Chances are it's not because it's windy, it's because of atmospheric pressure, although I'm not sure about the mechanics of why the water level should drop.
Here, in England, we sometimes get storm systems causing a tidal surge down our East coast. Effectively, this means, because of low pressure, that there is less air pushing on the ocean which means the water expands ahead of the cold sector of the system. As the water expands, with tidal pressures included, as well, it causes all sorts of problem, of which, the Thames Barrier was created to prevent.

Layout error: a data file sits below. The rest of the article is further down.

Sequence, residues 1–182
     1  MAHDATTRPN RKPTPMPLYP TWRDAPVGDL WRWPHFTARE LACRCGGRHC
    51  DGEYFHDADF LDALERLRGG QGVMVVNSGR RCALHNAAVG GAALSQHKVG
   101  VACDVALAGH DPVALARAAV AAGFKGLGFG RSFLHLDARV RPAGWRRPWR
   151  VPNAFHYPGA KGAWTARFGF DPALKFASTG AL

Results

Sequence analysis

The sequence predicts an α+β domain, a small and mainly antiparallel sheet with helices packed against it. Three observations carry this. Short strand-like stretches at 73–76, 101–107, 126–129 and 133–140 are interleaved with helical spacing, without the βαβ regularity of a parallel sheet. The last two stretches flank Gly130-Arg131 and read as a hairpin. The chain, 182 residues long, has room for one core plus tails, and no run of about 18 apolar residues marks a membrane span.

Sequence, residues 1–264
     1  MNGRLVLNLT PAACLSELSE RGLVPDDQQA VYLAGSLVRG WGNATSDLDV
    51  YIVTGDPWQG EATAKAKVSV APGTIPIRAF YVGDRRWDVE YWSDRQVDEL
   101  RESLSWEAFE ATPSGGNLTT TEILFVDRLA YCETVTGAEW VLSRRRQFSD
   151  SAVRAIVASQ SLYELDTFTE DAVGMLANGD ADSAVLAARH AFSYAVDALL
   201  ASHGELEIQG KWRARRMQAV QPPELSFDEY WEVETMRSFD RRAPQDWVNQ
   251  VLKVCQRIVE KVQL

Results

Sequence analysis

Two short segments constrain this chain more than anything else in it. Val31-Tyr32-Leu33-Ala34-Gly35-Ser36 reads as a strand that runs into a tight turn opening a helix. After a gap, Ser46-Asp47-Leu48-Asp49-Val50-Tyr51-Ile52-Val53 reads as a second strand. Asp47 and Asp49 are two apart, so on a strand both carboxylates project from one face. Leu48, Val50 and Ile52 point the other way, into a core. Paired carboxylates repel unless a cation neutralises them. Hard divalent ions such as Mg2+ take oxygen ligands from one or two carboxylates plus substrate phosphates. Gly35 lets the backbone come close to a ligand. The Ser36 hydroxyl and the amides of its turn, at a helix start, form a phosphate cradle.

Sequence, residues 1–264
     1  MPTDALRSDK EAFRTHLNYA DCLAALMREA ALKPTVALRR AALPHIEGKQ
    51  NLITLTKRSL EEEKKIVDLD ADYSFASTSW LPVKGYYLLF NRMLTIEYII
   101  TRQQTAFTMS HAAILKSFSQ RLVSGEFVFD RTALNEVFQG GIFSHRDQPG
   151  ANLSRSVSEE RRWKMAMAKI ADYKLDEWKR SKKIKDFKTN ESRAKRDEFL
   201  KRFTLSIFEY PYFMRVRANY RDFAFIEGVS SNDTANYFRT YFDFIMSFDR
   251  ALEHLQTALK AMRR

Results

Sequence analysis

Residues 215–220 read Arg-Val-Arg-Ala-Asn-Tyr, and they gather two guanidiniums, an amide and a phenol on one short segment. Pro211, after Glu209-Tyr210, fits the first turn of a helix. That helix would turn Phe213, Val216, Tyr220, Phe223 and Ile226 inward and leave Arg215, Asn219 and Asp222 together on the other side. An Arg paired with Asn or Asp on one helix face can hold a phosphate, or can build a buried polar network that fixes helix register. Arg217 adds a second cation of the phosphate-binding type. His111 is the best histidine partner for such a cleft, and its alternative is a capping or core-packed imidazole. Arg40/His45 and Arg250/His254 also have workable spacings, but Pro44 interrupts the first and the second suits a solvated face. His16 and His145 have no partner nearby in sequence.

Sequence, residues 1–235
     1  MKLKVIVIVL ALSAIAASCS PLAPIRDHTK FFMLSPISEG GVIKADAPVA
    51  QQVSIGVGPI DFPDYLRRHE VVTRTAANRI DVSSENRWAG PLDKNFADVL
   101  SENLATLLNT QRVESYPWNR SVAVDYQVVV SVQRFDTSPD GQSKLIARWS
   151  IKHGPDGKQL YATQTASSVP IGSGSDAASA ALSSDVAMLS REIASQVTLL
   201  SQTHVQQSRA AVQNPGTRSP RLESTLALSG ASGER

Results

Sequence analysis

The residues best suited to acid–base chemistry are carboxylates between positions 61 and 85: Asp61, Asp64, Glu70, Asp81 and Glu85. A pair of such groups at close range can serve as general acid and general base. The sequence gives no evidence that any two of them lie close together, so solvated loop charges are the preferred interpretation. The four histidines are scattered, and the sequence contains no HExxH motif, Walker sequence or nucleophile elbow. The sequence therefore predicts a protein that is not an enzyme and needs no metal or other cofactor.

Your toilet? Wind is created by a difference in pressure. You can see this on your nightly weather forecast by looking at the lines they stick (they're called isobars) the tighter they are the windier it will be.
Next time the toilet level goes up or down look at the weather forecast. If you are under a given pressure system, then that's why the water goes up and down.
The answer? - it goes down because atmospheric pressure is high, or is rising.